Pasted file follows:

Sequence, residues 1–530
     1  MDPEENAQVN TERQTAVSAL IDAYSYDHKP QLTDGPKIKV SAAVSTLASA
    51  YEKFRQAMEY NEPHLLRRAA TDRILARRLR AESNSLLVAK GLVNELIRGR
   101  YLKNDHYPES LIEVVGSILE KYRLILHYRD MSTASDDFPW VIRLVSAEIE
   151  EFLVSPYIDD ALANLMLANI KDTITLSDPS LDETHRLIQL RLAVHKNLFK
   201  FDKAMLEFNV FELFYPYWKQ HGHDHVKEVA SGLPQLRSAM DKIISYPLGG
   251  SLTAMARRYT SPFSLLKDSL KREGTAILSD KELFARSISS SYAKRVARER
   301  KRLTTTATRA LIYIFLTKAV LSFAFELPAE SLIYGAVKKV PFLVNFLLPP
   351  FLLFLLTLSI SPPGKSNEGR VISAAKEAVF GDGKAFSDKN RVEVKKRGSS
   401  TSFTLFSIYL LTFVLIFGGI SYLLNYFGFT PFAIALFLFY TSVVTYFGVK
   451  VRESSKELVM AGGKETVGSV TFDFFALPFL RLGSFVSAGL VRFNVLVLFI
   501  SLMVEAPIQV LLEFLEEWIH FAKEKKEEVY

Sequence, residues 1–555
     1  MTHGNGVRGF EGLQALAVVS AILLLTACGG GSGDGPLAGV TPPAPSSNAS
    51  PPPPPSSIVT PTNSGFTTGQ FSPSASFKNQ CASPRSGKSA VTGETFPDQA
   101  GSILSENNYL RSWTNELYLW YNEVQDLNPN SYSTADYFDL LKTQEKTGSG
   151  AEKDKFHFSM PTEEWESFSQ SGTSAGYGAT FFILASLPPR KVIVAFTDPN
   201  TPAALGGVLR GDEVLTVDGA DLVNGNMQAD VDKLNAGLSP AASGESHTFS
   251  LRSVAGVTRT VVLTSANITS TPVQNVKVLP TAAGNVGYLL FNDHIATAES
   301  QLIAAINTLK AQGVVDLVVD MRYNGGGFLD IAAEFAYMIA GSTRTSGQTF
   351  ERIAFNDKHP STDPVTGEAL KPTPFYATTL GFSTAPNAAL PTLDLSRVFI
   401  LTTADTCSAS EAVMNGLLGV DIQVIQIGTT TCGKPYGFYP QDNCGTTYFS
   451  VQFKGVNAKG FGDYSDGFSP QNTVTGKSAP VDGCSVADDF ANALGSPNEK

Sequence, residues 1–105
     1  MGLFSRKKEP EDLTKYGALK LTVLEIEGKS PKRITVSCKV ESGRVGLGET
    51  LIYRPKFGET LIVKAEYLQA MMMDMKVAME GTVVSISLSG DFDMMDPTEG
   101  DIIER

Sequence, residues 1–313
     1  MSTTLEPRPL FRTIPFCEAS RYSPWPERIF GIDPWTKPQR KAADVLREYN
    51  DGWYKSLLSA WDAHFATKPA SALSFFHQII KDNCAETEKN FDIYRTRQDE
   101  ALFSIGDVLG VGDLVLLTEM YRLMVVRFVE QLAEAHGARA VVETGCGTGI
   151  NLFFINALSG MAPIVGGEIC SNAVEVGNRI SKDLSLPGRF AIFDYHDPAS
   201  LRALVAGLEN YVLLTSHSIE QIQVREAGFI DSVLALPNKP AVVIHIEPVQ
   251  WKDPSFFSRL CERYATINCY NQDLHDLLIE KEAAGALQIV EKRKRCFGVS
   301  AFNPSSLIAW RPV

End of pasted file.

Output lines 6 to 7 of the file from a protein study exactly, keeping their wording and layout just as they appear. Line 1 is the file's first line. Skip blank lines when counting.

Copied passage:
   201  FDKAMLEFNV FELFYPYWKQ HGHDHVKEVA SGLPQLRSAM DKIISYPLGG
   251  SLTAMARRYT SPFSLLKDSL KREGTAILSD KELFARSISS SYAKRVARER